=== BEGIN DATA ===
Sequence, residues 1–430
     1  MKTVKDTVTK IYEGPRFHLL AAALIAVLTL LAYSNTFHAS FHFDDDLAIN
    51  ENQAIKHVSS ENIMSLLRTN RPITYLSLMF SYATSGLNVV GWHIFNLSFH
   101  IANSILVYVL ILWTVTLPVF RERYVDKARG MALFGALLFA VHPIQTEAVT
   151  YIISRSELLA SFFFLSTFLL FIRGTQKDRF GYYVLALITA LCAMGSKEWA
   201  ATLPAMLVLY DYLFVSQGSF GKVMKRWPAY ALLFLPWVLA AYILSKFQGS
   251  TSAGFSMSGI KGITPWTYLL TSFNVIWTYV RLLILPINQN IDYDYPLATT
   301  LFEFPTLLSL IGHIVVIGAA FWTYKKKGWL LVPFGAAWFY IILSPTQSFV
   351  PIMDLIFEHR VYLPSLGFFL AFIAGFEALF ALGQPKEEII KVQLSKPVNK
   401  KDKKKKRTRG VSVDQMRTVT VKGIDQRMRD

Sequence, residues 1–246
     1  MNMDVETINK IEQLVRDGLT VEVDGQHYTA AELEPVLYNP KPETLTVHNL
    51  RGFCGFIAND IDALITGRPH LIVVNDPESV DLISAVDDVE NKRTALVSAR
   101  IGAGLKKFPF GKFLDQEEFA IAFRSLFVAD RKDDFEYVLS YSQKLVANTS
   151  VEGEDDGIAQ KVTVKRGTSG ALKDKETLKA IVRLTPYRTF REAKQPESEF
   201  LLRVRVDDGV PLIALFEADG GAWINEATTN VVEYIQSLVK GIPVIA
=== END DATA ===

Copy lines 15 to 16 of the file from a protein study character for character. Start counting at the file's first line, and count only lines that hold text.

   151  VEGEDDGIAQ KVTVKRGTSG ALKDKETLKA IVRLTPYRTF REAKQPESEF
   201  LLRVRVDDGV PLIALFEADG GAWINEATTN VVEYIQSLVK GIPVIA